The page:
Why do you think animals are so important? For our skeptical readers, what would you say to them to encourage them to appreciate the importance of animals?
Everything in this world is part of the whole, the animals, the sea, the sky, the insects and the people. The trouble is, we are seriously out of balance….without our animals, everything will gradually die. We are losing our top predators through persecution and this is throwing the smaller prey animals out of balance. Man is now shooting them as he feels there are too many of them. Our whales and dolphins are full of mercury that they are now beaching due to brain disorders, once they start to die, all of the fish below them will be thrown out of sync. We have to care for our bees as pesticides are hurting them, if they go, all our flowers will go and many crops will be destroyed. Everything balances the other and we take our world for granted. Who would want to live in a future where there is no colour, no animals, no flowers, polluted skies, poisoned seas and everyone living in the cities eating genetically grown produce which doesn’t need insects to pollinate it. We are fools to allow this to happen. Sometimes I think that perhaps man will be like the dinosaurs, he will have his time and once that is finished, the world will rebalance itself again.
What has been the highlight of your career (if you could choose just one)?
The first time I was able to touch a wolf. These amazing animals, these amazing persecuted animals, are the most gentle, the most powerful, noble, aloof yet aware animals I have ever met. I have never been scared of top predators and meeting these creatures just made me want to help predators more. I have since gone on to help wolves all over the world and more recently other predators such as snakes and sharks. I will be swimming with Great White sharks this year, filming with snakes and taking part in more filming involving persecuted predators and even large, persecuted herbivores, which can, sometimes be more deadly than the predators.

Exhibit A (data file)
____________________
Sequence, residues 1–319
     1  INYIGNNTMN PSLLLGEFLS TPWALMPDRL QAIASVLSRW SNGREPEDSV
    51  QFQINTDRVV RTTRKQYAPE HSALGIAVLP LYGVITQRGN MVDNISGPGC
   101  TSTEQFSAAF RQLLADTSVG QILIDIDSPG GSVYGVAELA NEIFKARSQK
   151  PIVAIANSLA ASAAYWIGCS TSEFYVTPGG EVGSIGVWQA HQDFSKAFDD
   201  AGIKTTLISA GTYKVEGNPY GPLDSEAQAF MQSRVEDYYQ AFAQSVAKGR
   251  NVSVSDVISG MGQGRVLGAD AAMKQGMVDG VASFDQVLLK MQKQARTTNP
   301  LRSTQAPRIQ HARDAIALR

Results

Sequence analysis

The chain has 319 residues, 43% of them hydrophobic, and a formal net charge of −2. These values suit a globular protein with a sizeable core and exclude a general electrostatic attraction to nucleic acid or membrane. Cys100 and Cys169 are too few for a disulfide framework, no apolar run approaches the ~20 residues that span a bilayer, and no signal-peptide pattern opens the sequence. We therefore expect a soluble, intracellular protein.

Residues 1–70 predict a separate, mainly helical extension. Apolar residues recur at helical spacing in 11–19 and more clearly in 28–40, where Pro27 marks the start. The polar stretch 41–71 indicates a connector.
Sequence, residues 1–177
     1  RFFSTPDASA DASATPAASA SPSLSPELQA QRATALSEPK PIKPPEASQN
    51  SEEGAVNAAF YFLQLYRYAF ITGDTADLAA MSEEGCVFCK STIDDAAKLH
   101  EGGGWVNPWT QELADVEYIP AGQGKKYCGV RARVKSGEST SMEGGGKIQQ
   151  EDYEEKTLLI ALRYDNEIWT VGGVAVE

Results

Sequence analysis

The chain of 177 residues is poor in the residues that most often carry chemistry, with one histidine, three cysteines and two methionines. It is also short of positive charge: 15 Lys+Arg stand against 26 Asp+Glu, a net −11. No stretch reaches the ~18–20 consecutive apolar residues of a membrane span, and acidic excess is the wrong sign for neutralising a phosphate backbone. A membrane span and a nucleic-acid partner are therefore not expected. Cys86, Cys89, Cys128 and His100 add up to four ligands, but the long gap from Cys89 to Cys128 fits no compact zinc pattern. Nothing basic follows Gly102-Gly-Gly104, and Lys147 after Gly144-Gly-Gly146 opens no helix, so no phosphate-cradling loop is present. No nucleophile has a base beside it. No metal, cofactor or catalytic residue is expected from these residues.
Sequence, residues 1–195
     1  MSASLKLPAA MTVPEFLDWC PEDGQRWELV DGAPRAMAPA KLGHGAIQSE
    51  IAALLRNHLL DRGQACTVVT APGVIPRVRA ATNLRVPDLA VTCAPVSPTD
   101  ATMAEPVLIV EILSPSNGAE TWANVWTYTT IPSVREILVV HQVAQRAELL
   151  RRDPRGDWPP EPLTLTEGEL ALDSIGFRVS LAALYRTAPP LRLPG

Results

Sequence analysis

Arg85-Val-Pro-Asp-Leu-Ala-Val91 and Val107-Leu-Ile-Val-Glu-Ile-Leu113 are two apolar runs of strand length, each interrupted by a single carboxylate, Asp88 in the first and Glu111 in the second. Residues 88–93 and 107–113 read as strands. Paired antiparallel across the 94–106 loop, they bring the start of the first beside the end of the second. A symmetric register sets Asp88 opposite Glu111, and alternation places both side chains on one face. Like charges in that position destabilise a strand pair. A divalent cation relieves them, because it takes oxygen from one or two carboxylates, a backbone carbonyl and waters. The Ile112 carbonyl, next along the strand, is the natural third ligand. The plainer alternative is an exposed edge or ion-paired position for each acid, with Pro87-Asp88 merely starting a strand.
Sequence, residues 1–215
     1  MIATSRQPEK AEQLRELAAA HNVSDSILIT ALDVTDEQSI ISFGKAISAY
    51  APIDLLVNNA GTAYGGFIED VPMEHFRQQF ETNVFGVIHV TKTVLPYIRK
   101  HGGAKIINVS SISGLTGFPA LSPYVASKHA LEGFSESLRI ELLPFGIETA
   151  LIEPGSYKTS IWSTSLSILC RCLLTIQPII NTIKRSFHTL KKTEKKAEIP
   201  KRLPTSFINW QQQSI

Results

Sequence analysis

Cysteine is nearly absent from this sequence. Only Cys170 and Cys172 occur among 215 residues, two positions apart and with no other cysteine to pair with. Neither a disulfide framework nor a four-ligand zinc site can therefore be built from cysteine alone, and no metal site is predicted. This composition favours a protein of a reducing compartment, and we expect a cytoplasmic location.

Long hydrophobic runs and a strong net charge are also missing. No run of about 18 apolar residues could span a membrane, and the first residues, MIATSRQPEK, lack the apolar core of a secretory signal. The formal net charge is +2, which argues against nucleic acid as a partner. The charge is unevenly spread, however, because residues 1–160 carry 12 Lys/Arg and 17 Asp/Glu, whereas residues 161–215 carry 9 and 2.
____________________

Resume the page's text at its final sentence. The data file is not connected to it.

If you had any advice to give to our readers that would inspire them to become champions for our world’s wildlife, what would it be?
Just do it! Don’t think too much, get out there, get a zoology degree or something similar and get out to where you want to be in the world and save the wildlife. When I was in Africa this January I met girls from the UK who had gone straight out to help Rhino orphans and become rangers to stop the poaching. These ladies could still be in the UK doing an office job, thinking that it’s too dangerous or perhaps to do something with safer smaller animals…just do it! If your dream is to save the coral reefs, become a conservationist and dive out on the reefs with others like you; if you want to help wolves, go to a centre and help there. If you want to do film, this is a little harder, you need to work your way up from the bottom, so become a researcher with the BBC or a production company, work your socks off, show enthusiasm and one day you will get there.